The result was a mini-series, aired on SyFy and then NBC in 2003, which served as a backdoor pilot for a series proper. And it'd be fair to say that Moore and his team knocked it out of the park. The second the mini-series opens it feels different. Director Michael Rymer created a shaky, immediate style of shooting that put the viewer in the heart of the action. Composer Richard Gibbs used a drums-heavy sound to create a very different, military-feeling soundtrack. The actors, a mix of newcomers like Jamie Bamber and Katee Sackhoff and industry veterans like Edward James Olmos and Mary McDonnell, are uniformly excellent. The visual effects by CG studio Zoic are (still) amazing. Over the course of a generous three hours, the mini-series builds the world of the Twelve Colonies and then tears it down, leaving the bewildered survivors to try to escape and build a new life for themselves.

It's not the series at its best - the first episode of Season 1 and thus the next episode after this, 33, may hold that honour - but it does set up the show well and leave you wanting to watch more.


Blake's 7: The Way Back
Aired 2 January 1978

In the late 1970s, veteran TV writer Terry Nation was called in to a meeting at the BBC to discuss creating a new show. A respected writer with a huge amount of experience in the industry, he was still best-known for creating the Daleks for Doctor Who fifteen years earlier, and the BBC were hoping to tap that magic again. Nation had several ideas for crime dramas and other ideas, but the executives he was talking to seemed underwhelmed. Improvising on the spot, Nation suggested a dystopian space opera, with a band of malcontents and criminals reluctantly joining forces to escape a tyrannical government. He left with a commission to write a pilot.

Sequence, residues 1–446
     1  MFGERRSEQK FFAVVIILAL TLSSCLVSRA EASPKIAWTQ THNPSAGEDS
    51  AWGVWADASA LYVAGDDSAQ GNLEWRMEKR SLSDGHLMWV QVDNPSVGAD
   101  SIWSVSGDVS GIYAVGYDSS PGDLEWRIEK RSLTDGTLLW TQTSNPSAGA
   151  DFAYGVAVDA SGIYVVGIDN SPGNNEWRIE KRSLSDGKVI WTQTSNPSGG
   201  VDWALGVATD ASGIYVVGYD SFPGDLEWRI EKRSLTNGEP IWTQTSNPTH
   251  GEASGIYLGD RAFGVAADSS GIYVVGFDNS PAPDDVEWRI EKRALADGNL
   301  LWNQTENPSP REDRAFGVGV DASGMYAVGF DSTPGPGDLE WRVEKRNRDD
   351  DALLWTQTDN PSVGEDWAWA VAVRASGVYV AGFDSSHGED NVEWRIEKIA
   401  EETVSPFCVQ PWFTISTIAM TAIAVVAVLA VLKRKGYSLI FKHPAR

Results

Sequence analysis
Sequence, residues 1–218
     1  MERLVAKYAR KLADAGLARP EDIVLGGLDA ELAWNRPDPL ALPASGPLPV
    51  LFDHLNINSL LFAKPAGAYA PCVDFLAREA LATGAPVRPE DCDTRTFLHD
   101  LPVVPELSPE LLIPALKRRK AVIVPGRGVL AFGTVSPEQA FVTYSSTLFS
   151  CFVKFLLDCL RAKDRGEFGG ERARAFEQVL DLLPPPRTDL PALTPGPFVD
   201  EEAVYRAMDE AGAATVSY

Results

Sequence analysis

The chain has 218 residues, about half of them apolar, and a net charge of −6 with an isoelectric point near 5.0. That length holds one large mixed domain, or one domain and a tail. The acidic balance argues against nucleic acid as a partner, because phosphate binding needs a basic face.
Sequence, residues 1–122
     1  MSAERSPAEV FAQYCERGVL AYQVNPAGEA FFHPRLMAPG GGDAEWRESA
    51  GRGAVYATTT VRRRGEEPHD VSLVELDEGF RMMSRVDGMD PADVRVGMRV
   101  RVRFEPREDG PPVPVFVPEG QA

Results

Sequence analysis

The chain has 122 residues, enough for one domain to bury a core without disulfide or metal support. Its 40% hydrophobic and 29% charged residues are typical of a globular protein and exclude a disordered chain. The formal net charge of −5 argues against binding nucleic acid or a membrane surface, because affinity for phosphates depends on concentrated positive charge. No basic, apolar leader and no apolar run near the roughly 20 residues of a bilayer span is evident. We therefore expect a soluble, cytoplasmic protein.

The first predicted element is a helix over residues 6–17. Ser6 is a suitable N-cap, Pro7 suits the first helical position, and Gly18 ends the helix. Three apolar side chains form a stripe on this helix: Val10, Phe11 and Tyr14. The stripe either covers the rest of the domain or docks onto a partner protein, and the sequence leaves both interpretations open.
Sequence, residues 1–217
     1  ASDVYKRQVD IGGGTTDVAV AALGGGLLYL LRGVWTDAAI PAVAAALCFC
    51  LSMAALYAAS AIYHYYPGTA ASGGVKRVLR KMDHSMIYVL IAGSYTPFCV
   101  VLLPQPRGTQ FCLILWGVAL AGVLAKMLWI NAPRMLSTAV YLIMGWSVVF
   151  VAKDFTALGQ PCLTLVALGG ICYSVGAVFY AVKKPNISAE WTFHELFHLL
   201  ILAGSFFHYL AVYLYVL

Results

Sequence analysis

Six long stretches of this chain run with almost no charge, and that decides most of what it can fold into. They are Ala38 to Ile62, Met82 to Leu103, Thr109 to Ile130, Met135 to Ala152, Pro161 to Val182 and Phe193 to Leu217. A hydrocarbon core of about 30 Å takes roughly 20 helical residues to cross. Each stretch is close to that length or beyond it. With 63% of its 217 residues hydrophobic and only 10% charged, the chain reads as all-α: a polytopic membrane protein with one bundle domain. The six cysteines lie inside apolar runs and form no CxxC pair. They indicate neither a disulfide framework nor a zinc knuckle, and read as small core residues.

Blake's 7 was developed as a conscious riposte to the relentless optimism of Star Trek; the symbol of the despotic Terran Federation is that of Star Trek's Federation but turned to the extreme right. Nation decided he didn't want to write a children's show, and instead wrote an adult, tough and at times brutal pilot script in which engineer Roj Blake is taken to a clandestine meeting of rebels against the government and learns that he was once a respected military leader, captured by the Federation and mind-wiped to be turned into a model citizen. Blake is horrified and suffers a mild mental breakdown as his real memories come flooding back. His new associates are killed in a massacre and Blake finds himself on trial on trumped-up charges of child molestation. His lawyers discover the truth and embark on a quest to clear Blake's name...with invariably fatal results. Only at the end of the episode does Blake meet some of his other soon-to-be fellow shipmates (Jenna and Vila; Avon doesn't appear until the second episode), as he is carried away from Earth on a transport, vowing to return to destroy the government.